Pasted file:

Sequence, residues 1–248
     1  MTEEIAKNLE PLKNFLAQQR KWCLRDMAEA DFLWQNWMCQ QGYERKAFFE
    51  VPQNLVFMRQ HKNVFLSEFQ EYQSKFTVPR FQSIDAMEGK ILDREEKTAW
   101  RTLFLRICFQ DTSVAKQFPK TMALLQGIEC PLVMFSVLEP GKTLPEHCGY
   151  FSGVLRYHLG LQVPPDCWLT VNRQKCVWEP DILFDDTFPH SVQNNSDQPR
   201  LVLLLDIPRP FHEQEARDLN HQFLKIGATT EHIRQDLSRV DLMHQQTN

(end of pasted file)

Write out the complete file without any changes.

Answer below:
Sequence, residues 1–248
     1  MTEEIAKNLE PLKNFLAQQR KWCLRDMAEA DFLWQNWMCQ QGYERKAFFE
    51  VPQNLVFMRQ HKNVFLSEFQ EYQSKFTVPR FQSIDAMEGK ILDREEKTAW
   101  RTLFLRICFQ DTSVAKQFPK TMALLQGIEC PLVMFSVLEP GKTLPEHCGY
   151  FSGVLRYHLG LQVPPDCWLT VNRQKCVWEP DILFDDTFPH SVQNNSDQPR
   201  LVLLLDIPRP FHEQEARDLN HQFLKIGATT EHIRQDLSRV DLMHQQTN